Live and let leave
By Howard Lewis
Partners who feel they cannot go away without things falling apart in their absence may need to look at the way their practice is run. That said, many partners choose to be in contact with the office during annual leave. I want to be kept informed while I’m away and while this does not mean I respond to every email, it does allow me to be available if needed and keeps me in the loop.
Modern technology has revolutionised the way we work, allowing us to stay in touch wherever we are. For many, receiving a few phone calls from the office, or checking emails during annual leave is hugely preferable to finding a full inbox and a mountain of information to catch up on when you return.
At our firm we aim to provide a ‘personal service’, and while we can’t be available 24 hours a day, we do believe that the partner-client relationship is about more than fees and profit, which means partners invest a part of themselves. Commitments are a corollary of seniority.
I would not expect members of my team to interrupt their holiday, but as partner, I would rather take a quick phone call from a journalist or a client while I’m on the beach than miss out on an opportunity for the firm.
I work with many international clients and taking or making calls outside my normal working hours is a fundamental part of my commitment to them. On the other hand, the majority of my clients will only contact me during my holiday if it’s very urgent. In which case, I’m more then happy to be available.
In reality, few partners take their full holiday entitlement. As part of our commitment to work-life balance there is a clause in the partnership agreement, stipulating that partners must take a minimum number of weeks holiday a year. It is necessary for everyone to have time away from the office to spend time with their families and pursue their hobbies.
However, forcing partners, who are passionate about developing their business and supporting their clients, to take their full holiday entitlement would be counterproductive.
- Howard Lewis is a partner at MacIntyre Hudson
Get away from it all
By Diane Brennan
It is crucial that partners, and indeed all staff, take their full holiday entitlement, because time away from the office plays an integral role in refreshing staff. Without a sufficient break from work, partners are likely to be over-tired, over-worked and inefficient, which ultimately affects the quality of work and the level of client service.
Some partners view themselves as indispensable and think they cannot possibly take time off for a holiday due to a misplaced fear that the firm will collapse in their absence. This kind of attitude is prevalent in partners who believe that they, as an individual, are more important than the firm, when in reality the whole is always greater than the sum of the parts.
If partners do manage to spend time away from work, they should only be contacted in extreme circumstances, if at all. Some partners like to collect their messages on holiday as it does provide peace of mind, but ultimately partners should not be contacted unless it is an emergency.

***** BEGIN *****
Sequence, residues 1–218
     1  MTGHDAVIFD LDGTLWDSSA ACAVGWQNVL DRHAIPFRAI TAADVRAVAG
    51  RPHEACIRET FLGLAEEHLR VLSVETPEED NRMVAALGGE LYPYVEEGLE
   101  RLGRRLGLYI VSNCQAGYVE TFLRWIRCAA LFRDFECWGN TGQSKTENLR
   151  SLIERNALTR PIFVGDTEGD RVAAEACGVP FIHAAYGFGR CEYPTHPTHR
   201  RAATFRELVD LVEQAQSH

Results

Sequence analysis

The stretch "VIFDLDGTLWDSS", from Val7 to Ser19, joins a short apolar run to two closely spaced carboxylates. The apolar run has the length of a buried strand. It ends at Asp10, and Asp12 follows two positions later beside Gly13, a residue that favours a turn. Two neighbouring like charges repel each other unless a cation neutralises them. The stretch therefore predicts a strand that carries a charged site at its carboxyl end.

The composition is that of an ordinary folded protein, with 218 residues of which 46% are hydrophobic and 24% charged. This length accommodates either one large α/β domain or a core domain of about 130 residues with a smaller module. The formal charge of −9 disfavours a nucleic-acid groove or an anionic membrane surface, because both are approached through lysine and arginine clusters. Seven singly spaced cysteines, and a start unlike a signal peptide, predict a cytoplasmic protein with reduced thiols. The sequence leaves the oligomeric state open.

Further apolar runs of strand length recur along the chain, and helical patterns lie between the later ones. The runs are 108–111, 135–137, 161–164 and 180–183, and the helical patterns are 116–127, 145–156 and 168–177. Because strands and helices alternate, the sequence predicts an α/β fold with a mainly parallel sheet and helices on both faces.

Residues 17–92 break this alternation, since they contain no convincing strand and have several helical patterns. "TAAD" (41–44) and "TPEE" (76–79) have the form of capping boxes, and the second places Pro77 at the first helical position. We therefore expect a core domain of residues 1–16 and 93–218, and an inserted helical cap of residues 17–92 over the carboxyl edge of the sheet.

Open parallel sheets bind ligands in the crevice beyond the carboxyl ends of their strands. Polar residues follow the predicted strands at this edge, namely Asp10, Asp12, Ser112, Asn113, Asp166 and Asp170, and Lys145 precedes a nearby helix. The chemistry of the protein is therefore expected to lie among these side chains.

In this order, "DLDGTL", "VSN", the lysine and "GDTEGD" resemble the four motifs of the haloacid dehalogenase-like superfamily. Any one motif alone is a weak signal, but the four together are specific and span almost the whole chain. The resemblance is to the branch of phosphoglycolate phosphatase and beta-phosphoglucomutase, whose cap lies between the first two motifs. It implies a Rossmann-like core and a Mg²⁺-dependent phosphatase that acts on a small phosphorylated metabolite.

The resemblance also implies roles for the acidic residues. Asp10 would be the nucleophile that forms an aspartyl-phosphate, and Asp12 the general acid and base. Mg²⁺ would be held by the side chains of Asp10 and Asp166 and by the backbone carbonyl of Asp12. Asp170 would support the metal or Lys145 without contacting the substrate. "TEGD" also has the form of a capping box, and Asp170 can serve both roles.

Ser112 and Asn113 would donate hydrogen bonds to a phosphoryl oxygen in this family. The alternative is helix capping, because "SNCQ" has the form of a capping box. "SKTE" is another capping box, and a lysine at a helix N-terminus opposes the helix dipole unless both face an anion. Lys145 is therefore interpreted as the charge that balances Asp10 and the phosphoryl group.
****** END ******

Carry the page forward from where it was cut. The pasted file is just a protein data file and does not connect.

Most of us enjoy our professional life, but I think it’s important to strike a balance between home life and work, because this often facilitates a higher standard of work. Often, partners have the best ideas when they are away from the office, demonstrating that they can see and fully comprehend the ‘bigger picture’ when they take time off from work.
In order for partners to feel comfortable about taking leave, accountancy firms must ensure that key competencies and client relationships are not held by a single person. Having a number of people with core skills and relationships with clients facilitates training and team work, and means staff can take their holiday entitlement, which helps to promote and maintain the highest service standards.
A ‘work hard, play hard’ culture, coupled with good client relationships and teamwork, should ensure that both partner and client are happy. We actively encourage people to take time off, and have recently extended our working day by half an hour so that all staff members can take an extra week holiday every year.
- Diane Brennan is managing partner at Jackson Stephen chartered accountants.
Dennis Layton takes up the position on April 1 and will contribute to the firm’s goal of becoming the leading global professional services organisation by 2020
Richard Cartwright becomes the new head, taking over from incumbent head of office David Lemon
Brian Burke, business development director, has moved within the firm to 'develop Quantuma’s networks with Sussex professional firms'
Stephen Mills joins the Manchester office from IBM, where he spent 12 years as an associate partner in the data, analytics and cognitive consulting group